Jan Smith – 01/22/2008
My bible is filled with notes I’ve written in the margins, in the white space between paragraphs and in those blank spaces at the end of a chapter. I’ve been writing those notes for many years.
Most of the notes are not dated, so I don’t know exactly when I wrote them. Early last year (2007) I began adding the date. I like knowing when it was I wrote something.
Despite their lack of dates, the notes are still helpful to me. Some came from Bible teaching I was listening to at the time. I’d like to post some of those insights here, in the hope that the wisdom from the mind of God will be a blessing to others.
Here’s the first such post. This comes from chapter 1 of Paul’s 1st letter to the church at Corinth. The text of the passage is as follows:
3 Blessed be the God and Father of our Lord Jesus Christ, the Father of mercies and God of all comfort, 4 who comforts us in all our affliction, so that we may be able to comfort those who are in any affliction, with the comfort with which we ourselves are comforted by God. 5 For as we share abundantly in Christ’s sufferings, so through Christ we share abundantly in comfort too. 6 If we are afflicted, it is for your comfort and salvation; and if we are comforted, it is for your comfort, which you experience when you patiently endure the same sufferings that we suffer.
7 Our hope for you is unshaken; for we know that as you share in our sufferings, you will also share in our comfort. 8 For we do not want you to be ignorant, brethren, of the affliction we experienced in Asia; for we were so utterly, unbearably crushed that we despaired of life itself. 9 Why, we felt that we had received the sentence of death; but that was to make us rely not on ourselves but on God who raises the dead; 10 he delivered us from so deadly a peril, and he will deliver us; on him we have set our hope that he will deliver us again. 11 You also must help us by prayer, so that many will give thanks on our behalf for the blessing granted us in answer to many prayers.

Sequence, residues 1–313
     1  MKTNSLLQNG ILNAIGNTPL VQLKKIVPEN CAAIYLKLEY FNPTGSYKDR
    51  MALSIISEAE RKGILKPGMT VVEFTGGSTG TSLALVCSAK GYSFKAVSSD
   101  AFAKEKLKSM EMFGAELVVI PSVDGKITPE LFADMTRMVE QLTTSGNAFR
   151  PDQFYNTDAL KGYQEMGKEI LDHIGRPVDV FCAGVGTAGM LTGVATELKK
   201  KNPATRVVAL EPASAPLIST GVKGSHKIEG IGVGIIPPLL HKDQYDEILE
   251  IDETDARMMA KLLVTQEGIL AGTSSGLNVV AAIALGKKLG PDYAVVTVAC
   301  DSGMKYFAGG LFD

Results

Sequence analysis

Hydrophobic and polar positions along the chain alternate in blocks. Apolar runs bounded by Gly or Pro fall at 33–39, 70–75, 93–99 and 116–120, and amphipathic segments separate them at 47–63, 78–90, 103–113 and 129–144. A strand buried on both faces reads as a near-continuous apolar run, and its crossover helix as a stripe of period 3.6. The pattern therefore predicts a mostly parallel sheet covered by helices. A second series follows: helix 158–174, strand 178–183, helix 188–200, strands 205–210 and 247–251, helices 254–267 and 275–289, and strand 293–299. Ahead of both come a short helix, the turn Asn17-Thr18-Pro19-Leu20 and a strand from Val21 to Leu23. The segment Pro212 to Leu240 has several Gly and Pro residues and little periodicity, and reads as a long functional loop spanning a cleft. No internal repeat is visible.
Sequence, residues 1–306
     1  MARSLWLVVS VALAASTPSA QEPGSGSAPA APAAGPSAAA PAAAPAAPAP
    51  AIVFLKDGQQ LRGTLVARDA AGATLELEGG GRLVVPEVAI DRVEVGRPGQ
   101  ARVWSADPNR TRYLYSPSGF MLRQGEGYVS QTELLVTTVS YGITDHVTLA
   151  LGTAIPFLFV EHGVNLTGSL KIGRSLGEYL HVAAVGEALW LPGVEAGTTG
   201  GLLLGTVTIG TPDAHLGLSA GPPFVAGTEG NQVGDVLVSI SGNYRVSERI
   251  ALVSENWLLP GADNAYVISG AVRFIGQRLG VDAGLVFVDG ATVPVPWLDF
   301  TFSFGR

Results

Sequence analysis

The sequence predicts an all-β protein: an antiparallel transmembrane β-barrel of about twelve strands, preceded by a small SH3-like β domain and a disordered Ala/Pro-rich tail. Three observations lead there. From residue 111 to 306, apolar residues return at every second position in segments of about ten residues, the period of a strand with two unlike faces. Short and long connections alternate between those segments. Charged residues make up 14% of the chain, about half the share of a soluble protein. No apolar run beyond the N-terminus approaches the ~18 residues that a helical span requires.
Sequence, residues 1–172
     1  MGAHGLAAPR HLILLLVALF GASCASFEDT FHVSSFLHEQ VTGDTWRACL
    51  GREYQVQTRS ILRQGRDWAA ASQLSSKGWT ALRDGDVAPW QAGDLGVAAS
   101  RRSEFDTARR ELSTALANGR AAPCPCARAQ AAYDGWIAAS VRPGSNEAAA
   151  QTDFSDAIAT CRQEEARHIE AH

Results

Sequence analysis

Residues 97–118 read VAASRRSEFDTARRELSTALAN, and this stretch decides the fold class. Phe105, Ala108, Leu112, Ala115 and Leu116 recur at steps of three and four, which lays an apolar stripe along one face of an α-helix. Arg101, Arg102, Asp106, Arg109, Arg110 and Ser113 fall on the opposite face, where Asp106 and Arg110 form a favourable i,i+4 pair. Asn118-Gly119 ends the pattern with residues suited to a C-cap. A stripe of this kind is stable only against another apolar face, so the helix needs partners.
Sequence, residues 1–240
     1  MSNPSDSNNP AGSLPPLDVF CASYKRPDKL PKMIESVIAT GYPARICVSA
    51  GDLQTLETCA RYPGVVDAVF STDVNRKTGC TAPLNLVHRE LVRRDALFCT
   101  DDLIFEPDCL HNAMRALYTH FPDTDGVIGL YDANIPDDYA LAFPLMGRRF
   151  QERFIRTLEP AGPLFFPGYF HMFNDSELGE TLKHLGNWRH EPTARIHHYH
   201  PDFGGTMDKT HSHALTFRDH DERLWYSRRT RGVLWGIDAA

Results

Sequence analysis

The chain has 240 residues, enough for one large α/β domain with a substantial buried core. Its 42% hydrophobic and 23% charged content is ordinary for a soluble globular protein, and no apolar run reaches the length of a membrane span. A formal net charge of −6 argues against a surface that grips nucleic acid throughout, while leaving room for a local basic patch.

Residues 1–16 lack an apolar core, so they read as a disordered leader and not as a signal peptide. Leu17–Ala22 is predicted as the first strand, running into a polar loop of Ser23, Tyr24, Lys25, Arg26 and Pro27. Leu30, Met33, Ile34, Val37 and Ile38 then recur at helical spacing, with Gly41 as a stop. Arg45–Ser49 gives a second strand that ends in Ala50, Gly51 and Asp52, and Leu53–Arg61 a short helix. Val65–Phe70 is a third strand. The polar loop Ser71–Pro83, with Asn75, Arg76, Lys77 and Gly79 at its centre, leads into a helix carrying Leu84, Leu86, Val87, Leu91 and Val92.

From the notes in my Bible (the words in bold type below), here are three applications. (I’m not the author of these. They probably came from a teaching by Chuck Swindoll.)
The benefits of Suffering
- So we can comfort others – look at verse 4: “ who comforts us in all our affliction, so that we may be able to comfort those who are in any affliction, with the comfort with which we ourselves are comforted by God”.
Just think how comforting it is to you, as you go through a tough time, when someone who has been through it comforts you.
- So that we won’t trust in ourselves – That’s what we’d normally do, right? We think we’re in charge. But look at what verse 9 says: “Why, we felt that we had received the sentence of death; but that was to make us rely not on ourselves but on God who raises the dead” Do you see that? God maneuvers us into perilous situations — things we could not possibly handle by ourselves — so that we will turn to Him for help.
- So that we might learn to give thanks in everything – verse 11 says “You also must help us by prayer, so that many will give thanks on our behalf for the blessing granted us in answer to many prayers.“
Can you see the principles now? This is an example of wisdom from the Mind of God, but most of us have to have these truths explained to us in order for us to see them.
Below that list I had written another list of three things that this passage calls us to do (again, the notes from my Bible are the parts in bold):
- Instead of focusing on yourself now, try to think of the comfort you will provide to others later.
- Rather than fighting – surrender – release.
- Even though “getting even” seems to make better sense, try giving thanks
There’s nothing difficult to understand here. For years I’ve realized that focusing on God instead of on the problem is the way out from under any problem. That’s one reason I start each day by reading the Bible (see my blog entry for 01/20). I’ve also formed a habit of praising God for things throughout the day. Whenever I get into my car, I praise Him for it. (Nobody else would; if you saw what I drive you’d see why.) I find that the more I do that, the more it becomes my normal way of responding to things.
Giving your problems to God really works. What a pity so many others don’t know that, or don’t believe it.